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Aid Groups Pull Back After EU Migrant Deal With Turkey


The camps in Greece that have been housing migrants are now detention centers. This is because the European Union and Turkey have agreed that migrants who managed to reach Greece by sea will now be returned to Turkey. They're not allowed to continue their journey north. Here's how two migrants on the Greek island of Lesbos see this change in policy.

MOHANED: We are imprisoned now. There is - we can't go outside, we can't do anything. We don't know what we will do. We don't know what is our destiny.

MAISA: We are not getting any good news. It's like every day passes, they say to us, wait. We don't know anything.

GREENE: Those are the voices of two migrants on the island of Lesbos yesterday. They gave their names only as Mohaned and Maisa. Now, the United Nations and other groups providing help to the migrants say they will not be associated with these detention centers, which they view as a violation of human rights.

And let's talk now with a humanitarian worker who's on the ground there. Panos Navrozidis is country director in Greece for the International Rescue Committee, and he's on the line. Panos, good morning.

PANOS NAVROZIDIS: Good morning, David.

GREENE: Tell me how your organization - the International Rescue Committee - came to this decision to not continue offering assistance here.

NAVROZIDIS: Absolutely. Essentially for the IRC - for the International Rescue Committee - this deal is unethical, and essentially it's unfair and unrealistic because by linking resettlement with readmission, essentially you are empowering the smuggling networks.

So what we decided as a humanitarian agency is to inform the Coast Guard that the IRC is going to stop immediately bussing refugees from the northern shores of Lesbos to the detention center in Moria.

GREENE: And explain to me why the IRC believes that is unfair, I mean, to move people back to Turkey with a plan potentially to resettle them in Europe?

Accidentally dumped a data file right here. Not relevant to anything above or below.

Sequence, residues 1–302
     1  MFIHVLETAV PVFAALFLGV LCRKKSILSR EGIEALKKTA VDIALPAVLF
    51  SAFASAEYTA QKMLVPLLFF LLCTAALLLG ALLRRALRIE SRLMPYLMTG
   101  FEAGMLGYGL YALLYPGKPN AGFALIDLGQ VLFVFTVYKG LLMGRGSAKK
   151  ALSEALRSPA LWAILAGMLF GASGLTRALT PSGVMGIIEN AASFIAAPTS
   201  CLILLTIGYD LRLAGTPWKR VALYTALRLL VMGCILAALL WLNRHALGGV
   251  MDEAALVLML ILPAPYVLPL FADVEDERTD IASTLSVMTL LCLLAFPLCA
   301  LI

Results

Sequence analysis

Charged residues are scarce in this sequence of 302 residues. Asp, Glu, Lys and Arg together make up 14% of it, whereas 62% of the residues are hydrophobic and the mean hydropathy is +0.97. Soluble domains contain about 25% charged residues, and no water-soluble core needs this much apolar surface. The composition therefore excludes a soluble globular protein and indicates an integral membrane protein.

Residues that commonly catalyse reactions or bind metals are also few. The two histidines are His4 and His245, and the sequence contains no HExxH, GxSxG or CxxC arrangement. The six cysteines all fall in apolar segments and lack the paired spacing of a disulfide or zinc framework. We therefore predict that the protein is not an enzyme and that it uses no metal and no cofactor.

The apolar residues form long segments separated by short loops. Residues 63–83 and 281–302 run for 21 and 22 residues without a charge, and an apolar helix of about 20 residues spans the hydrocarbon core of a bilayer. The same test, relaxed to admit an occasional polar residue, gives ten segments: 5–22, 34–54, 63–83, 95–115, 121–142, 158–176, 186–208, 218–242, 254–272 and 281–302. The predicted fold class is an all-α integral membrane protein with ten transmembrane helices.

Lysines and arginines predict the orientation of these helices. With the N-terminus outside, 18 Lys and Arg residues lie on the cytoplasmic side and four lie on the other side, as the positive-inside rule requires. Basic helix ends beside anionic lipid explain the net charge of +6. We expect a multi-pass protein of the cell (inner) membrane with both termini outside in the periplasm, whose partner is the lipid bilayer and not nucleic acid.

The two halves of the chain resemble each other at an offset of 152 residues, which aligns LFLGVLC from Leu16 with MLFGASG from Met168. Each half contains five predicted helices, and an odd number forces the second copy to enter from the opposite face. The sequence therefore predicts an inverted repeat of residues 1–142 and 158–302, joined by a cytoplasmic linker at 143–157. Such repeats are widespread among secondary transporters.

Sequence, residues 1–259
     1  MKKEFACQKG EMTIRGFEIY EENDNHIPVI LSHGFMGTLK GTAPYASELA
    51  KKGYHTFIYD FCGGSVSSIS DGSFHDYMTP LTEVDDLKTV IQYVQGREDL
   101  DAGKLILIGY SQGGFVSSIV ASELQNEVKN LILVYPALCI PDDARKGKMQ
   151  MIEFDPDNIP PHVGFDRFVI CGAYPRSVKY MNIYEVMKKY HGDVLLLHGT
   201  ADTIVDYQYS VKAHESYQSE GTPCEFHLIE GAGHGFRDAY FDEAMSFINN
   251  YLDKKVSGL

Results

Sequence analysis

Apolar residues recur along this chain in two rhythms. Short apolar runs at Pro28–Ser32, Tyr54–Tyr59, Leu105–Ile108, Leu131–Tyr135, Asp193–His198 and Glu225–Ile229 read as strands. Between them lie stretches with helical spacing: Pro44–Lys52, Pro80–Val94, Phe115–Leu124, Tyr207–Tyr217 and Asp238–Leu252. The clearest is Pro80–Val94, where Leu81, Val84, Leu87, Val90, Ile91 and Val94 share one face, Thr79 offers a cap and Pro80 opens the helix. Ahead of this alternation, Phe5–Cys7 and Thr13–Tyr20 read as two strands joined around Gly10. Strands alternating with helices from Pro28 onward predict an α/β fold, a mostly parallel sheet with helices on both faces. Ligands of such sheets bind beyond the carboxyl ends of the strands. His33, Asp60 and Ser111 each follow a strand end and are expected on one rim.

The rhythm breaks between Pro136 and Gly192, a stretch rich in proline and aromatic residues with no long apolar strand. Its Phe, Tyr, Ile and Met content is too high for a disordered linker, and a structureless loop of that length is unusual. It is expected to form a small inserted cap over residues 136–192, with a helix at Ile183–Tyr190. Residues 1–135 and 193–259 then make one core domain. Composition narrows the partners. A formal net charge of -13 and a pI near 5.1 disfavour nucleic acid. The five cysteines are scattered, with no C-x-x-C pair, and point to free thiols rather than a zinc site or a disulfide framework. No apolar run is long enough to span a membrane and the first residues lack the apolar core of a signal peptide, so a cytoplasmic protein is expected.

NAVROZIDIS: Because what we're asking for is for direct resettlement. So what we believe is that there is absolutely no reason for these people to make this journey to Greece but then be returned back to Turkey and eventually some of them to be resettled in Europe or elsewhere.

So we need to find critical alternatives such as humanitarian visas, relocation when it comes to Europe and an unconditional resettlement scheme that provides direct service, if you allow me to put it like that, for the refugees to be eventually taken to a safer place.

GREENE: Panos, just explain to me, if you can, what assistance your organization - the IRC- was providing that it has decided now no longer to provide because of this decision.

NAVROZIDIS: So the main assistance that the International Rescue Committee has stopped providing at this point in time is the bussing service from the north to the south. In my most recent communication with the head of Coast Guard on the island of Lesbos, we have communicated that we cannot accept to have police escorts escorting, essentially, the buses and taking the refugees to Moria.

GREENE: I see. So this is - now that this is considered a detention camp and this is being used to house people by the authorities to deport them, the IRC has decided it doesn't it want to take part in that.

NAVROZIDIS: Exactly. So we cannot be part of an unfair system, we cannot be part of an unrealistic agreement, and we don't want to contribute in a system that we don't believe in.

GREENE: What impact do you think this decision is going to have on migrants on Lesbos? I mean, are there going to be people who are suffering and not getting assistance because you're not providing these buses?

NAVROZIDIS: This is really hard for us to tell right now because we have very, very limited visibility on what is happening at this point in time. Everything is run by the Coast Guard and the Greek police. I would say that our decision to stop bussing does not put any of - any refugees at risk. And it's a way of putting pressure to the Greek government to find better alternatives and make sure that the humanitarian agencies - they have access to the detention centers and essentially, these centers become again open facilities.

GREENE: All right, Panos, thank you very much for talking to us. We appreciate it.

NAVROZIDIS: You are welcome, David.

GREENE: We were speaking there on Skype with Panos Navrozidis. He's the International Rescue Committee's country director for Greece. Transcript provided by NPR, Copyright NPR.


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